Jazz legend Candido Camero among Chicago Jazz Festival highlights

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When the 38th Chicago Jazz Festival takes place this weekend, the full lineup of jazz greats will include a special appearance by Cuban-born percussionist Candido Camero, who will be celebrating his 95th birthday.

The free festival, which takes place September 1-4 at the Chicago Cultural Center and Millennium Park, also features performances by saxophonist Joe Lovano, guitarist John Scofield, saxophonist Benny Golson and great bassist Scott Colley in the late Charlie Haden’s. Liberation Music Orchestra.

“The event is very diverse – it’s really a big celebration of the jazz community,” said programming director Mike Reed, who is also a local musician and owner of Constellation, a jazz club in the neighborhood. from Roscoe Village. “And since it’s free, people can go and taste different things and see what they like.”

Reed explained that the theme of this year’s festival is The Great Migration, the movement of more than six million African Americans from the rural South to the urban areas of the North that began 100 years ago. It was this movement that spread jazz across the country, transforming it from a style unique in New Orleans to a booming industry in Chicago.

“We are celebrating important people in the legacy of jazz,” Reed explained. “We have special shows around this to celebrate birthdays and artists’ birthdays.”

Candido Camera | (Photo by Jemal Countess / Getty Images)

Camero is one of those artists. The pioneer of Afro-Cuban jazz and Latin dance music will close the festival on Sunday at 8:30 p.m., along with the other members of the group Steve Turre (trombone), Nestor Torres (flute), Elio Villafranca (piano), Jorge Castro (saxophone) , Guido Gonzalez (trumpet), Yunior Terry (bass), Diego Lopez (guitar), Sammy Figueroa (percussion) and Frankie Figueroa (vocals).

Camero first performed in Chicago in 1946 with the Cuban dance duo Carmen and Rolando. He returned in 1948 to play with the greats Charlie Parker and Dizzy Gillespie.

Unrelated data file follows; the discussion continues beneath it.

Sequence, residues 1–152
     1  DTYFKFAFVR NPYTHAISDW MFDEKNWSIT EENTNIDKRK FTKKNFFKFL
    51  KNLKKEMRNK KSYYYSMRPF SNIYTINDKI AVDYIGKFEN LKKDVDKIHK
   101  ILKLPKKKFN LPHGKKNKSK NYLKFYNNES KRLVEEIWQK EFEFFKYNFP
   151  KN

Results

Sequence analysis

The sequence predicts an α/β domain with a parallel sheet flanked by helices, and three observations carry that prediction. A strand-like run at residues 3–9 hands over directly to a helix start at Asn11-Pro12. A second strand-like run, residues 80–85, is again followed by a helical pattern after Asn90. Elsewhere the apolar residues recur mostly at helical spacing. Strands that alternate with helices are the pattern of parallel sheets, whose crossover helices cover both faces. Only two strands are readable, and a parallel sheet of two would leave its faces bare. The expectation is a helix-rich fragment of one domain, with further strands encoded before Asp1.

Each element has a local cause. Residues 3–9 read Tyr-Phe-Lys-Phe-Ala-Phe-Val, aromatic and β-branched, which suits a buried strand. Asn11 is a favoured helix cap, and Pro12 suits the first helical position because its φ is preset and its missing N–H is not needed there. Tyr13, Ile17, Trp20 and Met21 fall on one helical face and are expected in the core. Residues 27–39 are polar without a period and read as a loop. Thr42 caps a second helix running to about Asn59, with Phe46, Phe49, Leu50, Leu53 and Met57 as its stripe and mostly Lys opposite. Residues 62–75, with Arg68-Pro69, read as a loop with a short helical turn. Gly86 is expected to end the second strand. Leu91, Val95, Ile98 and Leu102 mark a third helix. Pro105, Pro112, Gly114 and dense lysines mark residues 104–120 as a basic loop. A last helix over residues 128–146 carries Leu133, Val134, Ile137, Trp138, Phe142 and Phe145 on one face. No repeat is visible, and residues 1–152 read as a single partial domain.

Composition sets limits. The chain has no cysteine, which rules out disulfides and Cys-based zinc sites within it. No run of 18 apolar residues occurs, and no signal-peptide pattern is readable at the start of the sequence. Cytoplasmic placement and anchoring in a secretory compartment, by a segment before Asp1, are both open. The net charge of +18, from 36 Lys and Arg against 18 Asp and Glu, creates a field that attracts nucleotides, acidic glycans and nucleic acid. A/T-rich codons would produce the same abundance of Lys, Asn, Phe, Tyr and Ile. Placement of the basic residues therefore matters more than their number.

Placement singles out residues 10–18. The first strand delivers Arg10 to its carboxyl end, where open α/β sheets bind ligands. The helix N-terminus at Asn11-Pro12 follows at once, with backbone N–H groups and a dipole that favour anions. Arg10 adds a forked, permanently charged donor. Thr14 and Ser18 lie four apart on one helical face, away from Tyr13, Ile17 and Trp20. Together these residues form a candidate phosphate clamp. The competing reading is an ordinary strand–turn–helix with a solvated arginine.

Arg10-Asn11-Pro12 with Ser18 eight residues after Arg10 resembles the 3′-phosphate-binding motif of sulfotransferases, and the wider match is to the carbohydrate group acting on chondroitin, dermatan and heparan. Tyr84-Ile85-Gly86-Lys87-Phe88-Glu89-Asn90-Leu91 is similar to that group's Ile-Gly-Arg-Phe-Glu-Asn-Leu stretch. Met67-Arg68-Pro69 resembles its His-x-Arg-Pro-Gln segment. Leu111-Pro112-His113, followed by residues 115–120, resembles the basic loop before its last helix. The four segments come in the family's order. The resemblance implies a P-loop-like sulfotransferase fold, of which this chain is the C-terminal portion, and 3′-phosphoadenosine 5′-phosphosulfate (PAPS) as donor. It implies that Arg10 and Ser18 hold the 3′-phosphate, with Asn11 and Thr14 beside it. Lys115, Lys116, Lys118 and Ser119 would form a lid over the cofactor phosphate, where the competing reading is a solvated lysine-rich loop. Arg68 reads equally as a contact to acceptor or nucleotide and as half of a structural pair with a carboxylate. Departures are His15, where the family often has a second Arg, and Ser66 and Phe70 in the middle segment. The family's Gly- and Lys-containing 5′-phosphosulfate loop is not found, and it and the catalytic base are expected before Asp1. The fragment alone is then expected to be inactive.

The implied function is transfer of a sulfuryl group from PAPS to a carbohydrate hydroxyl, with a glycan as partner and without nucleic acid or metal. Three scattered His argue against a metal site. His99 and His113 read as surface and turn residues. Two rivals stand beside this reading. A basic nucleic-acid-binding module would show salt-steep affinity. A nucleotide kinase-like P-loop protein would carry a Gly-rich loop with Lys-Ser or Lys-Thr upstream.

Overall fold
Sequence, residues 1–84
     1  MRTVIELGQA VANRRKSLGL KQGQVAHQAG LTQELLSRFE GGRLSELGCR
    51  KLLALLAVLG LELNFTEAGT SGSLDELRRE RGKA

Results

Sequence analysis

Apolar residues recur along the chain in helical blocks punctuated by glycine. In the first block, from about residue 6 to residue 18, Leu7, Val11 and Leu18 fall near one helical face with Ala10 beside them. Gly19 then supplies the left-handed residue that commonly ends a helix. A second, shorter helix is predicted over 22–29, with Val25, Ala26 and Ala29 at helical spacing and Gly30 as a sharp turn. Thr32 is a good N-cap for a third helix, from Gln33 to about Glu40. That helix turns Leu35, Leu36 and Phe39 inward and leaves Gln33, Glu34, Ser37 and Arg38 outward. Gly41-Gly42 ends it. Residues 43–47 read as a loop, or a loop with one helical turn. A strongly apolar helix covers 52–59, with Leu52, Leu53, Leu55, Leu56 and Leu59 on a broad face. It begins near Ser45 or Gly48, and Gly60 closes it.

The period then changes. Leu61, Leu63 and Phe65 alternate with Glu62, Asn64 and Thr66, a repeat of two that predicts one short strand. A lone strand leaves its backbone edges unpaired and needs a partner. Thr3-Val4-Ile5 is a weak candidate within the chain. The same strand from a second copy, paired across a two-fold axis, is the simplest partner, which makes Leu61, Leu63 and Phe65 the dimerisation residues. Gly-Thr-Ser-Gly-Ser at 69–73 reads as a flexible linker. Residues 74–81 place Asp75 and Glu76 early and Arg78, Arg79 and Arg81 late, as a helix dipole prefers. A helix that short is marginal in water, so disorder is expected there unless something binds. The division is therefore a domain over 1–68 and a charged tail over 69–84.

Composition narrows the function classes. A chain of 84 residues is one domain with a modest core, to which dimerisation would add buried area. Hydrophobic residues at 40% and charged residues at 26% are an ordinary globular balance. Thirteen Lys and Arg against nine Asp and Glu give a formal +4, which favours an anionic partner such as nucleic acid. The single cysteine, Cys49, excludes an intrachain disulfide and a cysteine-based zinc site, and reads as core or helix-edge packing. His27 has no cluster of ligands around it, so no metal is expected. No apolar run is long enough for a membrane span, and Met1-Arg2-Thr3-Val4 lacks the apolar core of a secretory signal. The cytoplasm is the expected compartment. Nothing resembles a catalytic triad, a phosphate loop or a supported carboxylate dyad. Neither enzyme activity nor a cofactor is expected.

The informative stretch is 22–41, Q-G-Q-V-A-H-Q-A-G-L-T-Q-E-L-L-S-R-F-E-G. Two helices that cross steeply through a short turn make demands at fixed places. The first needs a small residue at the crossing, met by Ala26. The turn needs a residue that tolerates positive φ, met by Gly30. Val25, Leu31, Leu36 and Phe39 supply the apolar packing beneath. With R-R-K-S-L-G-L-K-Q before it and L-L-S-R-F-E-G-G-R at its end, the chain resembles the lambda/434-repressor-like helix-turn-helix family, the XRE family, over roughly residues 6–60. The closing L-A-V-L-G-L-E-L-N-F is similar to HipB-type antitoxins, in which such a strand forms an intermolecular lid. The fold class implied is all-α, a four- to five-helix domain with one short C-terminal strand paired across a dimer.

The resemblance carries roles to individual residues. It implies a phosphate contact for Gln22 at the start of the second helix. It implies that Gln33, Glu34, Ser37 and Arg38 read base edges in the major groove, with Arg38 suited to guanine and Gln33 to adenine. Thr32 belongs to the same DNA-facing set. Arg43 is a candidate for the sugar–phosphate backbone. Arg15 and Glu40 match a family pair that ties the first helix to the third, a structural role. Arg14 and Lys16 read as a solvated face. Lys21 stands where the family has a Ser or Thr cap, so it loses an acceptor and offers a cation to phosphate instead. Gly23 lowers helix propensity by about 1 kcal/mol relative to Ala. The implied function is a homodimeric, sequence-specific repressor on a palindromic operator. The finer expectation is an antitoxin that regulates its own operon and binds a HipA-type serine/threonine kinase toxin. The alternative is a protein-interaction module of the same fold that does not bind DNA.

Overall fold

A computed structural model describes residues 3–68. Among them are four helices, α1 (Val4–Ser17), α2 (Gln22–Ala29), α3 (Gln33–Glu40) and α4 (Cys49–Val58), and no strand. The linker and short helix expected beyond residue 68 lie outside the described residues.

“And then in 1958 I went back with Tony Bennett – we played Chez Paree, a very famous club. [in Chicago], remembers Camero. “He’s sent me a Christmas card every year since 1958 – he’s never missed a year!

Born in Havana, Cuba, in 1921, Camero showed an affinity for music and rhythm from an early age.

“I was coming home from school, playing on the table pretending it was bongos, and my mom was like, ‘You’re going to hurt your hands!’ and my grandfather would say to my mother, ‘Let him play, one day he will become famous all over the world,’ ”Camero said, laughing to himself. “And I was four years old!

It was at the age of four that Camero’s family began teaching him different instruments, continuing the tradition of a musical family.

“My mom, she was a singer, all over the house all the time,” Candido said. “My father, he taught me to play the guitar. My uncle on my mother’s side, he taught me to play bongos. My grandfather, he taught me to play bass.

Alongside Candido’s performance at the festival is the highly anticipated premiere of “Soul Migration,” a new piece by Chicago trumpeter and composer Orbert Davis commissioned by the Chicago Jazz Festival.

“His play was commissioned to commemorate the Great Migration and will be performed Thursday night at Millennium Park,” Reed explained. “I’m really interested to hear it. “

Festival coordinators hope the infectious energy of the musicians will inspire visitors to become more involved in Chicago’s vibrant jazz scene.

“We hope people come away with a desire to go explore live jazz as it exists every day in the city,” said Reed. “We will be paying a lot of attention to local artists to celebrate all that is happening in the different communities affected by jazz throughout the year.

As for Camero, his 95 years will not take him away from the scene. When asked if he would continue to perform in the future, he responded enthusiastically, “Oh, if I’m still alive, yes! “

The 38th annual Chicago Jazz Festival takes place September 1-4 at the Chicago Cultural Center (78 E. Washington) and Millennium Park. The full program is available on Jazzinchicago.org.

Thousands of local residents, tourists and jazz enthusiasts come together every year on Labor Day weekend in Millennium Park to enjoy the world's largest free jazz festival.  |  Photo credit: Patrick L. Pyszka, City of Chicago

Thousands of local residents, tourists and jazz enthusiasts come together every year on Labor Day weekend in Millennium Park to enjoy the world’s largest free jazz festival. | Photo credit: Patrick L. Pyszka, City of Chicago


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